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Maintaining good vocal health and hygiene is a goal we should all aspire to—even if we don’t sing or speak for a living.
The vocal folds (“vocal cords”) are a muscular body with a mucosal cover. When we force air through these structures, they vibrate, producing sound. The vocal folds are located inside the larynx, an organ inside the trachea (“windpipe”).
Keep Your Voice in Shape: 10 Do’s and Don’ts
Do stay hydrated.
Keeping the vocal folds covered with the right amount of mucosal lubrication is key to vocal health. Drinking 6–8 glasses of water daily helps keep this lubrication present but thin, which is ideal. Herbal tea is good, as are fruits high in water content. But caffeinated beverages are less optimal sources of fluid because they can be mildly dehydrating.
Do warm up your voice before extensive use.
If you are going to sing, give a presentation, or even talk on the phone for an extended period, it’s a good idea to warm up the voice by humming, trilling, or singing scales.
Do take “vocal naps”.
Rest your voice periodically, especially after yelling at a concert, shouting from a podium, or otherwise overusing your voice. If your job involves talking on the phone all day, then rest your voice for ten minutes every two to three hours.
Do use natural throat products.
What helps the throat can help the voice. Look for lozenges, tea, and throat spray that have slippery elm, a great throat lubricant. Licorice and marshmallow are also good for reducing inflammation. Instead of sugar, choose products with glycerin and honey. Menthol is a common ingredient of throat products but it’s drying, so it’s not as beneficial.
Do use a humidifier
This is important especially if you are sick or if you live in a dry environment.
Do consider the possibility of acid reflux.
If your voice is chronically hoarse, it could be a problem with acid reflux. Consult a doctor if you have a chronically hoarse voice, but don’t have symptoms of heartburn.
Don’t strain your voice.
Avoid yelling and shouting; use a microphone (or megaphone) when appropriate. Speak from your diaphragm instead of your throat. In loud environments, minimize talking, or position yourself right next to the person. Even whispering can be damaging because if you want a whisper to be heard, you have to force air through narrow vocal cords.
If you’re sick, go easy on your voice. Using your voice when you have laryngitis can do damage. If you have to cough and sneeze—try to do it gently, whenever possible.
Don’t clear your throat too often.
Clearing the throat causes the vocal folds to rub together. This can cause irritation and swelling, which brings more saliva and mucous to the vocal cords, necessitating more throat clearing. When you feel the need to clear your throat, instead try coughing once, swallowing hard, or sipping water. Or you can clear it silently and gently.
Don’t smoke—or if you do, quit.
Smoking anything is irritating to your throat—the chemicals, the heat, all of it. Irritation from smoking can lead to chronic laryngitis and vocal fold polyps, not to mention cancer.
Don’t use medications that are drying.
Antihistamines and decongestions can have a drying effect that is harmful to the vocal folds. Many other drugs have the side effect of dry mouth/dry throat—so avoid these when possible.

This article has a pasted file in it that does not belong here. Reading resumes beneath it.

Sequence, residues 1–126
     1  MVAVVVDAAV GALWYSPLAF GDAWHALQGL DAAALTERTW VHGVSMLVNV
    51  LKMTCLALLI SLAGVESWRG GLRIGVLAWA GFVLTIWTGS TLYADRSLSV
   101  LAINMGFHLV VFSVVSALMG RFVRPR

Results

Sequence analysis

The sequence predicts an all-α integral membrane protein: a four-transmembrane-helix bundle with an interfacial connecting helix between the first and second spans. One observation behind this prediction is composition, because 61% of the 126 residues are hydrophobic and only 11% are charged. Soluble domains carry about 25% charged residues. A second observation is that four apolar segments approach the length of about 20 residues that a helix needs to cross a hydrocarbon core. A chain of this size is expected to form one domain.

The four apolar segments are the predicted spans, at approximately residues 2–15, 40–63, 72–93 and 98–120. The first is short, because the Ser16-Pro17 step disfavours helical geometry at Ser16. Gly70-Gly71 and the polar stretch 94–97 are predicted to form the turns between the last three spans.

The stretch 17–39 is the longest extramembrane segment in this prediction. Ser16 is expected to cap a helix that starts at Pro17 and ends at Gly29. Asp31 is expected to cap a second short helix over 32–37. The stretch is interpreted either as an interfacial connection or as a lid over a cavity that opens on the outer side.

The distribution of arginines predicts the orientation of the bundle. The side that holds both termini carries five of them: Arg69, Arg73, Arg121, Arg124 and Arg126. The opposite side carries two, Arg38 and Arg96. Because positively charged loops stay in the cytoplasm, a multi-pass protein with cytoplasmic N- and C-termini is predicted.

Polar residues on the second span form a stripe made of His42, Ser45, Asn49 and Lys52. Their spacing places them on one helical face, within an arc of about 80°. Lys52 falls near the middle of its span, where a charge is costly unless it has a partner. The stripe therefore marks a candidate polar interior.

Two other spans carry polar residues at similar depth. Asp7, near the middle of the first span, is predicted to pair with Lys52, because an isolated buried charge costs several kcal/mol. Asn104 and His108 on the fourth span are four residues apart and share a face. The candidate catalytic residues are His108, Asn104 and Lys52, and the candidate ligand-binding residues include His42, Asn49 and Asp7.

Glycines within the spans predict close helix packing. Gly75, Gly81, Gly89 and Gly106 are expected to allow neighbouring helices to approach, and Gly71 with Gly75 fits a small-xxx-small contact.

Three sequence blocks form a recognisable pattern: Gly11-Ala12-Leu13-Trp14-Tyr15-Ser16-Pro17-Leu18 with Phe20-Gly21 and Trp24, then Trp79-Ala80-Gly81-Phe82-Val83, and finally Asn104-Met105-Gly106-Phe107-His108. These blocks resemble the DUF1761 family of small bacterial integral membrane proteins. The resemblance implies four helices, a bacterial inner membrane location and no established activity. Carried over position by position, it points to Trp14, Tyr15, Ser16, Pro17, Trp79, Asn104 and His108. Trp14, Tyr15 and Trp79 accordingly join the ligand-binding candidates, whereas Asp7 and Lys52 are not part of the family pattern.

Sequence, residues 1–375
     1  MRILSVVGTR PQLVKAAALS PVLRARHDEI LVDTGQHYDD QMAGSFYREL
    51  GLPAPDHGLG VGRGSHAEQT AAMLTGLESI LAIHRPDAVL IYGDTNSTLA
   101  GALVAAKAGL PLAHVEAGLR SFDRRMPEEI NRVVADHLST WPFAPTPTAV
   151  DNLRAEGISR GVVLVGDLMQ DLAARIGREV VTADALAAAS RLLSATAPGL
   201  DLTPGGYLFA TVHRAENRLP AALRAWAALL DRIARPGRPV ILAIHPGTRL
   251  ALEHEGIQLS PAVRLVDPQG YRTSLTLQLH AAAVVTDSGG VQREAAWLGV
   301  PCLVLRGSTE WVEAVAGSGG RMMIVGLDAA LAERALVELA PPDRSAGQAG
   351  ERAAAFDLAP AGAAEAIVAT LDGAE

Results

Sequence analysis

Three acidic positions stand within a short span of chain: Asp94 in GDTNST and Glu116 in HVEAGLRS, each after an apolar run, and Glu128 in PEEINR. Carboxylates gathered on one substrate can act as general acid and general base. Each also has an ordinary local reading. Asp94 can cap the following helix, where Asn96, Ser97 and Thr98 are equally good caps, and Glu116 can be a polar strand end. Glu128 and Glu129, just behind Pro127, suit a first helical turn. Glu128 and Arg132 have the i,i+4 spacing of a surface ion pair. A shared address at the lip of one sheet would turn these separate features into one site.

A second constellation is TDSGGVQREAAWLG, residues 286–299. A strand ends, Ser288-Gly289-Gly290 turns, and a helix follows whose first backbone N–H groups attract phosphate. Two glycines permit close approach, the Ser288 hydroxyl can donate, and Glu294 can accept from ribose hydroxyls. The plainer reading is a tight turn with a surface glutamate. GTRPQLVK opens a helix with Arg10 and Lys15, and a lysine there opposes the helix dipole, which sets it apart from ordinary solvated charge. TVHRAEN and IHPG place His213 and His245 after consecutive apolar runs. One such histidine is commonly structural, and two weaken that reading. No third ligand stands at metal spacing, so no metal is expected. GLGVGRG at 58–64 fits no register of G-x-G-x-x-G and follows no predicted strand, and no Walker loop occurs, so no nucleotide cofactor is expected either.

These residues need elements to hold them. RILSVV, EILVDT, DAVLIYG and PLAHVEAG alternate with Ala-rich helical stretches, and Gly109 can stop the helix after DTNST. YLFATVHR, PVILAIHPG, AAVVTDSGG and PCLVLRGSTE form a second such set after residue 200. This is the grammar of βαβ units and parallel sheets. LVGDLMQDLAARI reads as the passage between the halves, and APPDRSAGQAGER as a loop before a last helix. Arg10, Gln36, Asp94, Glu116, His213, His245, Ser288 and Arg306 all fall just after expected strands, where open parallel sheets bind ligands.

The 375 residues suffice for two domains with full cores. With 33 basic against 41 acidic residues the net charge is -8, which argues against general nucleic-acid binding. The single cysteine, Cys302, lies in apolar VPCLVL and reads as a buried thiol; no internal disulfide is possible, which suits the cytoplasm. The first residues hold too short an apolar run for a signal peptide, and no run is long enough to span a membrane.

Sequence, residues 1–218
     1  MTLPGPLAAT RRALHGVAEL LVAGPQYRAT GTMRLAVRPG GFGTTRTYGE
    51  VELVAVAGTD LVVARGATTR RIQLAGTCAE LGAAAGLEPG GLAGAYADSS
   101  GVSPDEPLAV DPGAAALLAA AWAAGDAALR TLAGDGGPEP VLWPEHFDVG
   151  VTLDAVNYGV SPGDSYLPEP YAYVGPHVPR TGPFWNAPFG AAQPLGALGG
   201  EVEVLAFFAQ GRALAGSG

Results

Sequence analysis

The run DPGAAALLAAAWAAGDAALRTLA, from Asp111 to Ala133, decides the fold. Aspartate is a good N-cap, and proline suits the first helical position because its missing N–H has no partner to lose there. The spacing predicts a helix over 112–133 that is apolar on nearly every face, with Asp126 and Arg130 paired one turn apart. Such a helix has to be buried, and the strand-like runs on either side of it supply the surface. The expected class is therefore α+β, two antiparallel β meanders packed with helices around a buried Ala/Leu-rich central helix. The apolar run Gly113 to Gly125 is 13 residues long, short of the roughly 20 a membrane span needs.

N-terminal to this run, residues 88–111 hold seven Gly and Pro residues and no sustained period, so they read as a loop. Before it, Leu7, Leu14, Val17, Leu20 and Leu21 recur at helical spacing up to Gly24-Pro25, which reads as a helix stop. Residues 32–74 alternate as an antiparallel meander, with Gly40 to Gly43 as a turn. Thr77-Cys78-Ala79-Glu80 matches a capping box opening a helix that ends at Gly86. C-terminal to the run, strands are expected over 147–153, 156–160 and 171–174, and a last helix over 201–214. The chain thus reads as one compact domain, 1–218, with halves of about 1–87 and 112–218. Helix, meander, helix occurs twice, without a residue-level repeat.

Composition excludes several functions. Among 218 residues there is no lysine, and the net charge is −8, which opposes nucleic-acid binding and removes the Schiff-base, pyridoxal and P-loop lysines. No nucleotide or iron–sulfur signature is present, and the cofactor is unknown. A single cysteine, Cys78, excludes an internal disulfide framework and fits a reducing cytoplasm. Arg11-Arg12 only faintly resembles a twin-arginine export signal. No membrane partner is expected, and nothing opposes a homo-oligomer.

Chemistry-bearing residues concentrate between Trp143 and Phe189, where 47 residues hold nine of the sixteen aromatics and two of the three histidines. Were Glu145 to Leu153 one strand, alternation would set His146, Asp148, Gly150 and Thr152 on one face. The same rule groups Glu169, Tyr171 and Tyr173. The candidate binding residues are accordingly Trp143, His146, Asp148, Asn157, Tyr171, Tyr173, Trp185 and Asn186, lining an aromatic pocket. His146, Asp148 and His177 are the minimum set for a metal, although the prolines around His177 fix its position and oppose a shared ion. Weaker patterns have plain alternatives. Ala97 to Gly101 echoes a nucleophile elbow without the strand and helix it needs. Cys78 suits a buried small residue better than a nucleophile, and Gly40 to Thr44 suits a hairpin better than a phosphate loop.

FAQs About Vocal Health
Q: How do you make your vocal cords stronger?
A: You can strengthen your vocal cords by practicing consistent, healthy vocal technique. Warming up the voice is essential before hitting those high notes. Hydration is key as well. Rest your singing voice after intensive practice sessions or performances.
Q: What can ruin your voice?
A: All the actions listed under “Don’ts” in this post can damage vocal cords—especially straining the voice through overuse. Pay attention to warning signs, such as hoarseness and reduced vocal range. Be sure to learn proper vocal technique and practice the “Do’s” in this post.
Q: What drinks help vocal cords?
A: Water is the best fluid for vocal cords, perhaps with a squeeze of lemon. Herbal tea is good, especially teas containing licorice root. Add a spoonful of honey. But caffeinated tea, coffee, beer, and soda are less optimal sources of fluid because they can be mildly dehydrating.
For vocal health strategies customized to your own body’s needs and issues, consider meeting with a speech-language pathologist (SLP). SLPs are experts in assessing, diagnosing, and treating disorders of the voice, as well as issues with speech, language, social communication, cognitive communication, swallowing, and more.
The University of St. Augustine for Health Sciences (USAHS) offers a Master of Science in Speech-Language Pathology (MS-SLP). For students with a bachelor’s degree in a field other than communications sciences and disorders (CSD) or SLP, we offer SLP leveling courses for completing the necessary pre-requisites to enter the graduate program.
Belin, Gayle M., M.A., CCC-SLP. “Tips for Vocal Hygiene.” Accessed January 20, 2022. https://www.gaylebelinslp.com/vocal_hygiene.html. Accessed: January 26, 2022
Live Science Staff. “10 Tips for a Healthy Voice.” Live Science. April 17, 2006. https://www.livescience.com/4078-10-tips-healthy-voice.html. Accessed: January 26, 2022
Simpson, Blake, M.D. “General Voice Care/Vocal Hygiene.” UT Health San Antonio. 1996. https://uthscsa.edu/oto/voice.asp.
Childs, Leslie, M.D. “Voice Care: Sorting fact from fiction.” UT Southwestern Medical Center. April 14, 2016. https://utswmed.org/medblog/vocal-cords-care-qa/ Accessed: January 26, 2022